Parents pledge to continue fight to save Edinburgh music school

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Hundreds of pupils, parents and staff descended on Broughton High School at the weekend for a celebratory open day at the Edinburgh music school.

The overwhelming message of the day was that life must go on as normal, despite the lingering threat of proposed council cuts.

Those involved are still waiting for confirmation that controversial plans to close the music school have been scrapped – and campaigners say they will not rest until the decision is officially made.

As well as open-door lessons and pupil performances, staff and parent council members were on hand to show interested families and young musicians around the first class facilities.

The specialist school, 
which does not charge fees, provides tuition for 60 children across Flora Stevenson Primary School and Broughton High School.

Although good news now seems to be on the horizon, parents remain concerned about what the proposal says of the council’s values.

Jonny Higgs has a teenage daughter at the music school.

“It is a big concern. It is looking less likely that they are going to pull the funding but even so, the fact that they are considering it demonstrates the lack of value. They just do not value the arts in general. We really need to have these facilities.”

Prospective parent Michael Dixon, who has two musical children aged seven and ten, said: “It is unsettling because you don’t know what is really going on. But it is also disappointing as it is a fantastic facility, and it has had that threat. It is very disappointing that the council isn’t looking to serve the needs of all children.”

Galina Stjepanovic, who plans to audition her young daughter in the coming months, stressed the importance of music in a child’s development.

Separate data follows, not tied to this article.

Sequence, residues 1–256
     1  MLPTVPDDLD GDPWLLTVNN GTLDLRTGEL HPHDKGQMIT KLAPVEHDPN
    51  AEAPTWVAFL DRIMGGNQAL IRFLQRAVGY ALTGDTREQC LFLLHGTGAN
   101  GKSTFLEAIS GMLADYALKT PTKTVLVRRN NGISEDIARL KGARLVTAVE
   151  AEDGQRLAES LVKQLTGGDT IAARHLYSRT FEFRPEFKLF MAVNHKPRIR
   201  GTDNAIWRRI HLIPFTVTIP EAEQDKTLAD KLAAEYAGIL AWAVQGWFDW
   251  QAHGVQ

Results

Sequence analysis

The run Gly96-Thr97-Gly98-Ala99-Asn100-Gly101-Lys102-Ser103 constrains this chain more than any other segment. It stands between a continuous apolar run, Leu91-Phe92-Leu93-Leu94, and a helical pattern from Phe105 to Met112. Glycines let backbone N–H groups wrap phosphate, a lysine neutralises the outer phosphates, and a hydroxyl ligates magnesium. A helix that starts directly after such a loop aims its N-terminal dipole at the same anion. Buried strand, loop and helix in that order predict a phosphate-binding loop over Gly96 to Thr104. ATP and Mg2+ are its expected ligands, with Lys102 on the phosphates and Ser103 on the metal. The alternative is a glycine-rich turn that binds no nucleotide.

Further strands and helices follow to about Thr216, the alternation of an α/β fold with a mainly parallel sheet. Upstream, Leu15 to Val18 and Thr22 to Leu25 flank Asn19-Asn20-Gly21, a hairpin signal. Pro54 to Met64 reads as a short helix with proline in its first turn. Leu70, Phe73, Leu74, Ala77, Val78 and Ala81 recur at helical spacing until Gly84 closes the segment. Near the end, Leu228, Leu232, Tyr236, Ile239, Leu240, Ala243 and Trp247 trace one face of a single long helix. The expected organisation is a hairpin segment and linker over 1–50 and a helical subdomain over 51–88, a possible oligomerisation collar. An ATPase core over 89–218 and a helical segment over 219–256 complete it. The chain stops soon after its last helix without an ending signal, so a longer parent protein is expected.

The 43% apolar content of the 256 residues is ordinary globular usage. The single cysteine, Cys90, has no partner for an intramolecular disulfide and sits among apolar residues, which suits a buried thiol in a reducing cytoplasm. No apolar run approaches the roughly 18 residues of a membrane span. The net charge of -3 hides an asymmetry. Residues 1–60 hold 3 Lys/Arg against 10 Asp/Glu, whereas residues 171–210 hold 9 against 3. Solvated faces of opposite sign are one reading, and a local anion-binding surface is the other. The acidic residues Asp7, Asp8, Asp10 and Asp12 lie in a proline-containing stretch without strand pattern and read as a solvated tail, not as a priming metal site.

She said: “Music instruction is one of the most essential aspects of being human and definitely growing up. If anything they should be expanding the school.”

The lively atmosphere and strong attendance of the popular open day is testament to the inclusive ethos which has built up around the school. Broughton High School is a community which has the specialist music centre at its heart.

Jan Mcneillie of the parent council said: “Having your children with older children is beneficial. They are all really supportive of each other. I think the younger kids in particular are very supportive. My son is at Floras and he auditioned when he was seven, got in when he was eight and he has just flourished there.”

Access to the first class facilities and quality teaching is something that all pupils benefit from, whether they are part of the music school or not.

Parent Anna Edovina explained that although her 12-year-old daughter doesn’t attend the music school, she has lessons and benefits from the quality music facilities in Broughton.

“I think that it is very beneficial for the other pupils, it benefits the whole city and community. She has violin tuition within the school – she started at primary and has the same teacher now.”

Adding to the sense of community and belonging is the Sounds Like Saturday Café, which opens every Saturday morning.

Parents, pupils and siblings are welcomed into the school for a cup of tea while waiting for family or friends to complete their music lessons or band practices.

The café is run alongside the Creative Scotland funded ‘Sounds Like Saturday’ Youth Music Initiative, which provides free group tuition for P5-P7 pupils across the city.

Although not officially affiliated with the music school, the café provides a chance for family members to feel included in the education system.

Jane Bremner, who helps to run the café, said: “It helps to come just to see the school and feel the vibe and the buzz here. Otherwise parents do not come into schools.”

Even children from other schools are welcomed into the café. “I think even if they have not been to the music school, they have benefited from the situation. It just works really well.”

Mrs Mcneillie urged continued support for the much loved music school, as the fight is not over yet. “I think the primary facility is still under threat,” she said. “Showing an interest helps to keep us working. We are not closed for business.”